While I’ve got some terrific shows to tell you about this week, I’m feeling sentimental and emotional, so please bear with me for a moment. It’s my U2 anniversary.

Every Dec. 2, I listen to U2 and think back to the most unforgettable (U2 pun most certainly intended) show I’ve ever been to: U2 at the Worcester Centrum on Dec. 2, 1984.

Back in those days, musicians weren’t entirely human to me, they were larger-than-life demigods and I was their biggest fan. Cynicism wasn’t in my vocabulary back then, and all that really mattered was the music.

Bands like U2 were everything to me, and sometimes I wish I could get back that feeling of unconditional love and posters-on-the-wall adoration. Maybe it never left me; it’s simply taken a different form. I encourage you to take a moment and think about some of your favorite shows.

Maybe none of us ever loses that pure, passionate, “I love this band or this song so much I can hardly stand it” feeling. Plato digs what I’m saying, so I’ll impart some of his wisdom: “Music is a moral law. It gives soul to the universe, wings to the mind, flight to the imagination, and charm and gaiety to life and to everything.”

If ever, oh ever, there were a reason to venture to the newly reopened State Theatre, “The Wizard of Oz” is one. That’s right ladies and gentlemen, boys and girls; it’s 1930s Night at the State on Friday, with a screening of the 1939 Technicolor classic “The Wizard of Oz.”

But that’s not all. Get there at 5:30 p.m. for a performance by favorite local old-time music band Over a Cardboard Sea, which will be playing vaudeville tunes. Judy Garland, n?Frances Gumm, got her start in vaudeville, lest you forget.

You can also visit the old-timey photo booth and order a Shirley Temple at the bar. Now that’s a night of a different color, and it’ll only cost you five bucks. To Oz? To Oz! (See Page E13 for Avery Yale Kamila’s story on the yellow-brick-road bash.)

1930s Night at the State Theatre. Doors open at 5 p.m. Friday; screenings at 7 and 10 p.m. State Theatre, 609 Congress St., Portland. All ages. $5 tickets at Bull Moose locations.

Composer, guitarist and bandleader Howard Fishman used to play on the streets of New Orleans and the subway platforms of New York before stepping onto his first proper stage in 1999. He hasn’t stepped off much since then and has released several CDs that burrow into early jazz, folk, blues, classical, rock, pop, funk, country, New Orleans brass band and even gospel.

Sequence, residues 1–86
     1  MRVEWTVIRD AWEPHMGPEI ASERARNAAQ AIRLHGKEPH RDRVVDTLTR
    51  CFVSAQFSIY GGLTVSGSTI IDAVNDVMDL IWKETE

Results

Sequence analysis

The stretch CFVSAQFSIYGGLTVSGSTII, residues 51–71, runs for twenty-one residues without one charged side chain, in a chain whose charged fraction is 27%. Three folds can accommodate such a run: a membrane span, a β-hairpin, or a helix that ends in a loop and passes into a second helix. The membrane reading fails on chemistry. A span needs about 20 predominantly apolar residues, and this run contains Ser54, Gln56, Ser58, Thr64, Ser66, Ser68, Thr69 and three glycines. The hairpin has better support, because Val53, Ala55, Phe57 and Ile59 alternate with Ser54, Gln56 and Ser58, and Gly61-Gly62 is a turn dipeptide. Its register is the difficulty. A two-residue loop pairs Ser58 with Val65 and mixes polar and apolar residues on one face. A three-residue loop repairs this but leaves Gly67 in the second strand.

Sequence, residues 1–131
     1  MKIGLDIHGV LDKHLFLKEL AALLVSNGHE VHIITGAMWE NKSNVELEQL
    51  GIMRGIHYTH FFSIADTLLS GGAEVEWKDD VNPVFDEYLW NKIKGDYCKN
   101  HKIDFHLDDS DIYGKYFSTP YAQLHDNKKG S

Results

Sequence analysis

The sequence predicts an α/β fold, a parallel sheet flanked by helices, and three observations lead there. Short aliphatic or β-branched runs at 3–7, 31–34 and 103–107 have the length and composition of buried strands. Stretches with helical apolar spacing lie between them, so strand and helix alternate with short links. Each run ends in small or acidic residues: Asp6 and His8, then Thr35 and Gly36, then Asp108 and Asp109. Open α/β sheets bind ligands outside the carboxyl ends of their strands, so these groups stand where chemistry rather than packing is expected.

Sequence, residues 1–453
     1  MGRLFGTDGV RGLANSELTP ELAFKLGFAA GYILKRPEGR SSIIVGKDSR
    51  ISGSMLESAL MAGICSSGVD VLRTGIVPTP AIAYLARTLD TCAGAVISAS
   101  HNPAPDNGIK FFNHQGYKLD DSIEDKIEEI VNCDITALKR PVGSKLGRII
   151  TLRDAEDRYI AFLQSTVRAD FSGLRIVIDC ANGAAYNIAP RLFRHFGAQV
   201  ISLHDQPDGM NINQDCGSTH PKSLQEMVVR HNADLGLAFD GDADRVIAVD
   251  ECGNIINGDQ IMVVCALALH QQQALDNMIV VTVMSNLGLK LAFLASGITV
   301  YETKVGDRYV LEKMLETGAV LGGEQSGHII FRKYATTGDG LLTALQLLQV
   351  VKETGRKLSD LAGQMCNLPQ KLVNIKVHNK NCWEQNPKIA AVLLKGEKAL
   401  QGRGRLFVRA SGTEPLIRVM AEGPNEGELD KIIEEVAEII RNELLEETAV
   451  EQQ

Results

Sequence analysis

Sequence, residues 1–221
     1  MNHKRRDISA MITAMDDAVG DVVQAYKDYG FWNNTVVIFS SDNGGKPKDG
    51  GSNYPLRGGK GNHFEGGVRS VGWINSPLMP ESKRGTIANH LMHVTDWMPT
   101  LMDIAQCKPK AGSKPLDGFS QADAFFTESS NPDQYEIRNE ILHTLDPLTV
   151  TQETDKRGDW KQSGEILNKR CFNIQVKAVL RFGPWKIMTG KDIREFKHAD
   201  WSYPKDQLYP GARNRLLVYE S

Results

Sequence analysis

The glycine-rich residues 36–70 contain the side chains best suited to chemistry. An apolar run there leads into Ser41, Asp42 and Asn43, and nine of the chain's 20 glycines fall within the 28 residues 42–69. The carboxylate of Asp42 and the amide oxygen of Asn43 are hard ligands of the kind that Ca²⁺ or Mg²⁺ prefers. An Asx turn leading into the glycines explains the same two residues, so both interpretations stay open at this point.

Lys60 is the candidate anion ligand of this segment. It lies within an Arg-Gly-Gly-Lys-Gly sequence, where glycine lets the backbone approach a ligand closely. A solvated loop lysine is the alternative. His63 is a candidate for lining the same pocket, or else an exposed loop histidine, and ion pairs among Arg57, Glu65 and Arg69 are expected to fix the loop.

Just this year, he and his band have released three albums. Suffice to say, there will be no shortage of new material during his show. There’s also plenty to listen to online at www.howardfishman.com, because Fishman’s got clips from 50, yes 50, of his songs posted.

Howard Fishman. 8 p.m. Saturday. One Longfellow Square, State Street, Portland. All ages. $17 in advance; $20 at the door. 761-1757; www.longfellowsquare.com

Kimmy Welch Wilson is celebrating her 40th birthday with a bang. She’s throwing a fundraising event at Port City Music Hall for the Open Sky Fund, the charitable organization devoted to providing musical instruments and lessons to children in Maine. I know, isn’t that the bomb?

The night will have more layers than Prince William’s wedding cake, with music from eight bands, food and craft vendors, dancers, poets, comics, hula-hoopers and a V.J. I know you’re wondering who the bands are, so here you go: A Band Beyond Description, Elderberry Jam, The Beat Horizon, Oogie James & The Satin Kings, Ken Grimsley & Ladies, Jordan Kaulbach and Zig-Zag.

For an additional $10, you’ll be let in at 6 p.m. for a special performance by Gypsy Tailwind. And hey, big spenders, for $75, you can be a serious VIP, which includes a reception, dinner from Divided Sky Cafe, champagne, a free T-shirt, the Gypsy Tailwind set and VIP seating for the night.

Kimmy’s Odd Ball and FUNdraiser. 7 p.m. Saturday. Port City Music Hall, 504 Congress St., Portland. $20 general admission (add $10 donation for the Gypsy Tailwind performance); $75 VIP ticket includes a 5 p.m. reception.

Aimsel Ponti is a Portland freelance writer. Contact her at:

[email protected]